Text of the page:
The U.S. Air Force notified industry
June 21 that it plans to issue a sole-source contract to Lockheed Martin Space Systems to build a third Space Based Infrared System (SBIRS) High satellite, with an option to purchase a fourth spacecraft.
The notice, which was posted on the Federal Business Opportunities
Web site, said that the contract
also will cover the purchase of a third and fourth SBIRS High sensor to be placed on a classified satellite in a highly elliptical orbit
The third and potentially fourth dedicated SBIRS High satellite would require “minimal modifications,” according to the notice.
originally had planned to buy five
High satellites that are intended to
be placed in geosynchronous orbit. When the contract was awarded to Lockheed Martin Space Systems in 1996,
the Defense Department also had plans to buy for less than $2 billion ground systems plus two payloads to be hosted on classified satellites in highly elliptical orbits.
However, technical difficulty that drove the estimated price tag above $10 billion led the Defense Department to scale back its planned purchase of geosynchronous satellites in late 2005 to two satellites, with the possible purchase of a third, depending on progress with the first satellite.
Air Force officials over the past year have said that the SBIRS program has progressed well enough to return to the original plan of buying at least five satel
lites from Lockheed Martin.
Investigation of Atlas 5 Launch Problem Begins
The U.S. Air Force and United Launch Alliance are reviewing telemetry and other data to determine the cause of the problem experienced during the June 15 launch of a classified payload aboard an Atlas 5 rocket, according to a June 21
Air Force news release.
The news release noted that the Centaur upper-stage engine experienced “degraded performance” during the launch, but said that it was not considered a failure, and that the classified National Reconnaissance Office (NRO) satellite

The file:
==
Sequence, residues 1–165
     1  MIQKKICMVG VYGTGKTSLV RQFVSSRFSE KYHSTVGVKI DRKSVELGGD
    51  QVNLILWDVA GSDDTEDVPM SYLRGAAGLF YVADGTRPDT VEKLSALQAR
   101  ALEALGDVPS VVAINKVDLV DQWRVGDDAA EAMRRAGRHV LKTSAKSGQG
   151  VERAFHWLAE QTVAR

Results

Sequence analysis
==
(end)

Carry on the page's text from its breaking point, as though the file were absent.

still is expected to be able to perform its mission.
Rick Oborn, an NRO spokesman, declined to comment on the status of the satellite.
Joe Davidson, a spokesman for the Air Force Space and Missile Systems Center, did not respond by press time to questions about
the review and whether it would lead to delays on upcoming Atlas 5 launches.
Bigelow Prepares for Launch of Genesis 2
Bigelow Aerospace is expected to launch its next expandable space module, Genesis 2, some time the week of June 25.
“Genesis 2 is prepped and ready to go for a late June launch,” said Mike Gold,
counsel for the Las Vegas
-based company. As the second privately built pathfinder spacecraft for Bigelow Aerospace, Genesis 2 will be placed into Earth orbit by a Dnepr rocket launched from the ISC Kosmotras Space and Missile Complex near Yasny, Russia.
Genesis 1 was launched by a Dnepr rocket
July 12, 2006, and remains in good operational condition. The outside appearance and size of the new module will be identical to Genesis 1 – approximately 4.4 meters
in length and
in diameter, expanding to 2.54 meters
in diameter once it is in orbit. It is a one-third scale version of the manned commercial space modules Bigelow Aerospace hopes to launch in the future.
Arianespace Signs Deals To Launch Nine Satellites
Arianespace signed launch-services contracts with the Indian Space Research Organi
(ISRO) and with Norway’s Telenor Satellite Broadcasting for the launch of the Insat 4G and Thor 6 telecommunications satellites in late 2008 and mid-2009, respectively, Arianespace announced.
Those two deals brought to nine the number of new contracts that Arianespace announced during the week of the Paris air show. The company also signed contracts for single launches with Arabsat and Rascom in addition to a five-launch deal it signed with SES, of Luxembourg.
4G, built by ISRO, will be orbited by an Ariane 5 rocket. The satellite is expected to weigh 3,200 kilograms at launch and to carry 18 Ku-band transponders and a navigation payload.
Thor 6, built by ThalesAlenia Space, is expected to weigh 3,000 kilograms at launch and to carry 36 Ku-band transponders. It will be launched by either an Ariane 5 heavy-lift rocket or the medium-lift Russia Soyuz vehicle, which is scheduled to begin operating from Europe’s Guiana Space Center